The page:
AMNews reported that "one particular last ditch effort to pass tort reform" could have been made had the AMA played hardball and consented to attach medical liability reform to the Kassebaum-Kennedy bill, which it was also supporting. Unfortunately, James S. Todd, M.D., AMA executive vice-president emeritus, explained the AMA had pledged "not to play that card" and would not risk endangering what later became the Trojan Horse of deleterious incremental health care reform in the form of the disastrous Kassebaum-Kennedy law.(11)
You can say this maneuver was a clear case of throwing the baby out and saving the dirty bath water. The Kassebaum-Kennedy law that was passed by the U.S. Senate (unanimously) in 1996 with the support of the AMA has been a terrible piece of legislation that has not improved but actually worsened the climate of the American health care system. It has enforced draconian fraud and abuse provisions harmful to both patients and physicians, implemented administrative simplification requirements that threaten patient medical record confidentiality (i.e., with Unique Patient Identifiers, establishment of databases, and other privacy violation provisions); engendered spiraling out of control health insurance premiums because of its guaranteed coverage and renewability requirements; and caused an actual increase in the lot of the uninsured for the same misguided reason.
Yet, other industries did lobby and obtain legal protection from the litigation juggernaut. Writing in The Wall Street Journal, John Stossel reported: "The single engine air-plane business came back from the dead after the General Aviation Revitalization Act made it harder to sue. Vaccine makers were helped by the Vaccine Injury Compensation Program. Silicon Valley will be helped by the Private Securities Litigation Reform Act, passed in December  by Congress over President Clinton's veto" He then questions why is it fair to pass piecemeal reforms for powerful industries? "And anyway, the lawyers just move on to the next hot area of litigation."(12) And yes, he was prescient. Lawyers have moved on to expand litigation as far as the eye can see: to tobacco, the gun industry, sexual harassment and domestic violence,(5,13) and other areas of the health care field such as managed care and HMOs.(14)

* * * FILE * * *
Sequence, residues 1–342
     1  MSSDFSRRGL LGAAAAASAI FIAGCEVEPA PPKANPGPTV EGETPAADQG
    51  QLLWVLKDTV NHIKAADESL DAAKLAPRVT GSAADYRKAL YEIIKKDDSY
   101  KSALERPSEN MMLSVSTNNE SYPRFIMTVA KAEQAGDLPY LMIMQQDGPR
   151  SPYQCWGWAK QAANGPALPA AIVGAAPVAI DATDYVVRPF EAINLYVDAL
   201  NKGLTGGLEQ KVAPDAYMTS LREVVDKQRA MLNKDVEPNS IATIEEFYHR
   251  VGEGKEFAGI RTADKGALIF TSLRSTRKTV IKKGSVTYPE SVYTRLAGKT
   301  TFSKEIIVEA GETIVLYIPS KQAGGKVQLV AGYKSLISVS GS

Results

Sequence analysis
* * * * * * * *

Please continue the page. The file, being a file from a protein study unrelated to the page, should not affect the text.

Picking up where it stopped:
In the October 21, 1996 issue of AMNews, the headlines blared, "Doctors win big in Washington --- AMA persistence delivers powerful results." But those items listed in the AMA scorecard are dubious claims for victory at best.(15) The major defeat of medical liability reform, of course, was not listed. The battle issue the AMA swore it would not abandon and would continue to press died a quiet but painful death.
The time is ripe for tort reform resurrection. It is time for a group of young, bright attorneys and judges in concert with a group of like-minded activist-physicians, businessmen, and other professionals to roll up their sleeves and get to work for an uncompromising and vigorous push to change the litigation rules that are wreaking social and economical devastation on plaintiffs and defendants and return them to the standards of ethics and justice where they originated.(1) Under the current rules, two groups, the trial lawyers, are enriching themselves at the expense of the rest of society, while the other group, demagogic politicians, are arrogating to themselves political power.
Olson's book, if you can find a copy, should be read by all Americans concerned with the litigation explosion --- and that should be all of us, for we all are at risk. We must do this not only to protect our pocketbooks, but also to preserve what remains of our legacy of freedom that we must pass to our children.
1. Faria MA, Jr. The litigation juggernaut. Part I: The dimensions of the devastation and Part II: Strategies and tactics for victory. J Med Assoc Ga 1993;82(8):393-398 and J Med Assoc Ga 1993;82(9):447-451. Although this two-part article touches on all aspects of the lawsuit crisis, it emphasizes medical liability and tort reform.
2. Olson WK. The Litigation Explosion: What Happened When America Unleashed the Lawsuit. Truman-Talley Books, Dutton, NY, 1991. The book is out-of-print now but we hope it will be reprinted.
3. Faria MA, Jr. On the liability crisis and the glut of litigators. J Med Assoc Ga 1993;82(4):155-157.
4. Malefactors of great wealth. Natl Rev, Sept. 14, 1992, p.19.
5. Moore S. The trial lawyers: a clear and present danger. Human Events, December 17, 1999.
6. Kreier R. Study, defensive medicine costs billions. AMNews, April 15, 1996, p.7.
7. AANS Bulletin, Fall 1999/Winter 2000, p. 3.
8. Schwachman B. The story of MICRA: medical injury compensation reform act of California. Am Soc of Anesthes Newsletter 1992;56:16.
9. Abrams G. How MICRA works for California. Calif Phys, July 1995, pp. 34-38.
10. AMA delivers in liability reform. AMNews, April 10, 1995.
11. McCormick B. Tort reform dropped from product liability bill: future damp. AMNews, March 25, 1996.
12. Stossel J. Protect us from legal vultures. Wall Street Journal, 1/02/96.
13. Schlafly P. Feminist-inspired law violates the Constitution. Human Events, December 17, 1999, p.15.
14. Hoff J. Patients' rights: a double standard. National Center for Policy Analysis, Brief Analysis, No. 307, December 3, 1999.
15. Doctors win big in Washington - AMA persistence delivers powerful results. AMNews, Oct. 21, 1996, p.1.
Dr. Faria is also a consultant neurosurgeon and author of Vandals at the Gates of Medicine (1995) and Medical Warrior: Fighting Corporate Socialized Medicine (Macon, Georgia, Hacienda Publishing, Inc., 1997).
Originally published in the Medical Sentinel 2000;5(3):88-91. Copyright ©2000 Association of American Physicians and Surgeons.